Hi-Res Adventures #0: Mission Asteroid (1980)

Hi-Res Adventures #0: Mission Asteroid (1980), created and designed by Roberta Williams and Ken Williams, published and developed by On-Line Systems 

Don't let the zero fool you on the title, as despite its numbering, Mission Asteroid was, in fact, the third title released under the early Sierra (or still just On-Line Systems at that point) Hi-Res series. The lower number it has comes from the fact, that it's the easiest and shortest game in the series, so it's meant to mirror its "for beginners"-kind of a quality, placing it before the two previous titles the Wizard and the Princess and Mystery House.

As far Hi-Res series games go, Mission Asteroid is, indeed, easy and short as well. It's a straight forwarded game, where the story is as simple as all the other aspects of it. You are an astronaut, who's given an important task of flying to space and rig an explosive on an asteroid threatening the Earth. Hence the ambiguous name "Mission Asteroid".

The biggest difficulty the game has really does come from the parser interface, as trying to guess the right set of words to type in for things to actually happen might get aggregating. Despite you already know what you need to do, you need the exact correct words the developers had in mind before anything happens. For an example, if you want to shower, you can't type in a command "use shower" or "turn on water". The only way the game proceeds is to "take shower" and no other variation of the intent works.  As it often is with these old parser games, guessing the right command is at least half the puzzle, which in this case might be actually okay, given how short the game really is. If you know all the right commands, it takes around 10 minutes to complete the game. But if not, then you'll probably have smashed your keyboard long before you even get to the spaceship.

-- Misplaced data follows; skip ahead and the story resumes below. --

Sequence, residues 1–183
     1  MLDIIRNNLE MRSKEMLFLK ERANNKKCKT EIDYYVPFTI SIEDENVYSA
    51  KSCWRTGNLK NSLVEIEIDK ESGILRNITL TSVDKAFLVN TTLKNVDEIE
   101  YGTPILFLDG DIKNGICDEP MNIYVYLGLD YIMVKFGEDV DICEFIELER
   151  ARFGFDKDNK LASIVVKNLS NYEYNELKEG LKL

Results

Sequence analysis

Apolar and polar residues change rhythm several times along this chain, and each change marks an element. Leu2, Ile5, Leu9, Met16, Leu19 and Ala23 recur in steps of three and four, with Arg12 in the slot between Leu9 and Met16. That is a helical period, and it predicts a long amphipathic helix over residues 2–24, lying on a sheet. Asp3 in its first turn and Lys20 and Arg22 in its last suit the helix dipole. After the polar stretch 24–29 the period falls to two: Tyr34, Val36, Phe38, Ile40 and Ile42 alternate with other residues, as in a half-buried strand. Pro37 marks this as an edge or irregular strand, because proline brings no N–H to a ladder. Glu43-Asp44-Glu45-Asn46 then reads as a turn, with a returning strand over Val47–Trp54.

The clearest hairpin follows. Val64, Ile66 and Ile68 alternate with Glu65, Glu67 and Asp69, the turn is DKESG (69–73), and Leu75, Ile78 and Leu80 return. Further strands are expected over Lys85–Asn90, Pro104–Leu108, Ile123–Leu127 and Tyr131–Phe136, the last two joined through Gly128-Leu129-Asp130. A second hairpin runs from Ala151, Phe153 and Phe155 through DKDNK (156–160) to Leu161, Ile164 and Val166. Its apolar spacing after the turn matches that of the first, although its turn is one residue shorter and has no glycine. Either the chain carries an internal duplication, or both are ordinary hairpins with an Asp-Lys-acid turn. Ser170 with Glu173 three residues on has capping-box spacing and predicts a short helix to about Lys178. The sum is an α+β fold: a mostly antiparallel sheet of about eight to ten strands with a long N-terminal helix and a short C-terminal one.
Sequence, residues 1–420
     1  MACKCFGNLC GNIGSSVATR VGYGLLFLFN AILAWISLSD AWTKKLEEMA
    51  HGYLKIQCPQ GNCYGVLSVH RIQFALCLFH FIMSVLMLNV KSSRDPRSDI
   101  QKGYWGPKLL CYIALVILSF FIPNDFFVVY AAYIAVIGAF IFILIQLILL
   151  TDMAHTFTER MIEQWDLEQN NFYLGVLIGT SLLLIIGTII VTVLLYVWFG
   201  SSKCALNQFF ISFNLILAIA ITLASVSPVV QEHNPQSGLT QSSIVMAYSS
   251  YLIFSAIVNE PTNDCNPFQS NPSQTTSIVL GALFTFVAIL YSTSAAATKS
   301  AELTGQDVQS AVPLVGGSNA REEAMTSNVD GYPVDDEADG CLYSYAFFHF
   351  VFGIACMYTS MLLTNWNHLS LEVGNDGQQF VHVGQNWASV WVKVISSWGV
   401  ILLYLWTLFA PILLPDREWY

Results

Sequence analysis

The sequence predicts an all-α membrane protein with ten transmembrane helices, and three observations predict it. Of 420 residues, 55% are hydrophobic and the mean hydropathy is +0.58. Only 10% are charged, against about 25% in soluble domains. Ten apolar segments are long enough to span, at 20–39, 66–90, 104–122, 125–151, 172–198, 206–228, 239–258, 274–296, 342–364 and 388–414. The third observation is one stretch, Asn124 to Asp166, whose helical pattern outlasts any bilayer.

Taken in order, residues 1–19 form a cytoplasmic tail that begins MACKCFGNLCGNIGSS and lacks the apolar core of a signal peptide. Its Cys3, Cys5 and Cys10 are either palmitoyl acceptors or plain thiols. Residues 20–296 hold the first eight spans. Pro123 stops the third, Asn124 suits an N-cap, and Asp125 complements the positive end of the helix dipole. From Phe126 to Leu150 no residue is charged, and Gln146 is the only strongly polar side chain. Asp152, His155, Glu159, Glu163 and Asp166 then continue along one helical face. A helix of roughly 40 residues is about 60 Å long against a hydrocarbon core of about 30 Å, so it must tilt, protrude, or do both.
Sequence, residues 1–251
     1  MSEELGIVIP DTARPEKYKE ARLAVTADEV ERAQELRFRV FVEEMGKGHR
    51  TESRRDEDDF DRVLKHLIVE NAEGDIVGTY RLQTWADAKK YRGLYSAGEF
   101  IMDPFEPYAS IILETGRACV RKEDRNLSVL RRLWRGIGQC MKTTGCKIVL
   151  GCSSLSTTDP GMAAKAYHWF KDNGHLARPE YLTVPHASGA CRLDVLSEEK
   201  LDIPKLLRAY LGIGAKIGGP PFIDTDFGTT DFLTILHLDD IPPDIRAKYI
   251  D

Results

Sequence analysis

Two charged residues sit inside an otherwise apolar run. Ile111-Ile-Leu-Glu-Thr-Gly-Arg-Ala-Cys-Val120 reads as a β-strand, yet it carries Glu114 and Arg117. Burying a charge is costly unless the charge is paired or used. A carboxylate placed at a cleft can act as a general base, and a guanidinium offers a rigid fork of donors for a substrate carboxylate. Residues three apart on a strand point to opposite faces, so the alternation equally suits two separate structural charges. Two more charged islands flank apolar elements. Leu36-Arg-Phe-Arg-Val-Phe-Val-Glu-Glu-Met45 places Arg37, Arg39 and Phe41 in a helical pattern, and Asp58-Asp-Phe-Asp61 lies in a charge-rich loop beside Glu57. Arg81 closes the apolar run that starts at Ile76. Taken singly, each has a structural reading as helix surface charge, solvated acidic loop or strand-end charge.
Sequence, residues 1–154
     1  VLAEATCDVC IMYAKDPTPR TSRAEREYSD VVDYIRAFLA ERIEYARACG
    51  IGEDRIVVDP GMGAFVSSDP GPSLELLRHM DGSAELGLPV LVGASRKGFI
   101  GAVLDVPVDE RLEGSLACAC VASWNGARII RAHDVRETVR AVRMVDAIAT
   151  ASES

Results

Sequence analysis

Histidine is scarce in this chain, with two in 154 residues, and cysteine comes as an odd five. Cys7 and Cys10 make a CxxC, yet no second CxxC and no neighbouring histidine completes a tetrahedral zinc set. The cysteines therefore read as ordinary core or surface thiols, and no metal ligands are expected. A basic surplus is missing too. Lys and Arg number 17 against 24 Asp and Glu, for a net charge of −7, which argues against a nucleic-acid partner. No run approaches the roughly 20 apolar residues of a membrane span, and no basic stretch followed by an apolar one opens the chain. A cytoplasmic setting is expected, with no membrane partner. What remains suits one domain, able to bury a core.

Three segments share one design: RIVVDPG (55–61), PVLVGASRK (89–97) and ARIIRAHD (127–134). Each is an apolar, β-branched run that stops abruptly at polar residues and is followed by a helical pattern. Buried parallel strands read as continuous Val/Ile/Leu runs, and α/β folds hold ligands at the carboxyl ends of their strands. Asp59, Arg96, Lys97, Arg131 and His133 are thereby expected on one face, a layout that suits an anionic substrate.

Unlike the previous two games in the series, there's nothing really remarkable about Mission Asteroid. As it stands, it's just a simple game, that was in all likelihood made to bring out a title that could have been more enticing towards beginner players, as the first two games Roberta Williams had created were a direct plunge to the deep end of the pool.

The best thing I can really say about Mission Asteroid is, that is has a pretty nice game box art. Other than that, it would be a forgettable title, if not for the fact it sent a hero to explode an asteroid long before Bruce Wills did the same in Armageddon.

I correct myself, it seems Roberta Williams was again first at doing something, beating Hollywood to the punch at least. I'm aware there was a couple of asteroid movies before Armageddon, but as far I know, in them the threatening lump of rock was handled with missiles instead of sending a man on the job.

The next two titles in the series. Hi-Res Adventures # 3 and #4 were not designed by Robert Williams. I've actually never played them myself, but if I'll find a version of them somewhere, I'll be giving them a spin as well. Titles #5 and #6 saw the return of Roberta and were more ambitious, the one being a licensed game of a movie the Dark Crystal, the other being Time Zone, probably the largest graphic adventure game ever done, even in comparison to modern games.

But I'm getting ahead of myself. I'll cover those in their due time.